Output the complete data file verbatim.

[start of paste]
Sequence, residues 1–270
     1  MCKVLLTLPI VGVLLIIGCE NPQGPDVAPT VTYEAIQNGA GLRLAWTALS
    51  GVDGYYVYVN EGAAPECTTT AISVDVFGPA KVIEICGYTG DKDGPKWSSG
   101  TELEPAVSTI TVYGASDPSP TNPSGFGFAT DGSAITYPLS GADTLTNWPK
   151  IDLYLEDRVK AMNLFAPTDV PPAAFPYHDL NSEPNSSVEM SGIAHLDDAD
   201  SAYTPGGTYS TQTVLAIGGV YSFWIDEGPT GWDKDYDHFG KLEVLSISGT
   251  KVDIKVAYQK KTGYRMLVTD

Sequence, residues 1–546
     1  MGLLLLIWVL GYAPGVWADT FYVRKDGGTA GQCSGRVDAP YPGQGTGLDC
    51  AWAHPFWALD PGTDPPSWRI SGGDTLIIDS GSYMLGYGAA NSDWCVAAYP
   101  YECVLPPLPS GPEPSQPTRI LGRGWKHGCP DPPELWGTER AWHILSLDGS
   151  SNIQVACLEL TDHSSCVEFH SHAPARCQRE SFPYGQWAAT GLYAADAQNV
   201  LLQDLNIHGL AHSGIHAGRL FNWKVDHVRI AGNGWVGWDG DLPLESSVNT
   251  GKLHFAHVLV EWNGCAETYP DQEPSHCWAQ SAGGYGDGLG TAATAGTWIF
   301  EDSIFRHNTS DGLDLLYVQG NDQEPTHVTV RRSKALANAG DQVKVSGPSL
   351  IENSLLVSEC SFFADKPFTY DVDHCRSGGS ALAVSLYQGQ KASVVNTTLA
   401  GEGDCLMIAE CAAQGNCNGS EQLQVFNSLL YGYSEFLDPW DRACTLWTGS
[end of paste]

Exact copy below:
Sequence, residues 1–270
     1  MCKVLLTLPI VGVLLIIGCE NPQGPDVAPT VTYEAIQNGA GLRLAWTALS
    51  GVDGYYVYVN EGAAPECTTT AISVDVFGPA KVIEICGYTG DKDGPKWSSG
   101  TELEPAVSTI TVYGASDPSP TNPSGFGFAT DGSAITYPLS GADTLTNWPK
   151  IDLYLEDRVK AMNLFAPTDV PPAAFPYHDL NSEPNSSVEM SGIAHLDDAD
   201  SAYTPGGTYS TQTVLAIGGV YSFWIDEGPT GWDKDYDHFG KLEVLSISGT
   251  KVDIKVAYQK KTGYRMLVTD

Sequence, residues 1–546
     1  MGLLLLIWVL GYAPGVWADT FYVRKDGGTA GQCSGRVDAP YPGQGTGLDC
    51  AWAHPFWALD PGTDPPSWRI SGGDTLIIDS GSYMLGYGAA NSDWCVAAYP
   101  YECVLPPLPS GPEPSQPTRI LGRGWKHGCP DPPELWGTER AWHILSLDGS
   151  SNIQVACLEL TDHSSCVEFH SHAPARCQRE SFPYGQWAAT GLYAADAQNV
   201  LLQDLNIHGL AHSGIHAGRL FNWKVDHVRI AGNGWVGWDG DLPLESSVNT
   251  GKLHFAHVLV EWNGCAETYP DQEPSHCWAQ SAGGYGDGLG TAATAGTWIF
   301  EDSIFRHNTS DGLDLLYVQG NDQEPTHVTV RRSKALANAG DQVKVSGPSL
   351  IENSLLVSEC SFFADKPFTY DVDHCRSGGS ALAVSLYQGQ KASVVNTTLA
   401  GEGDCLMIAE CAAQGNCNGS EQLQVFNSLL YGYSEFLDPW DRACTLWTGS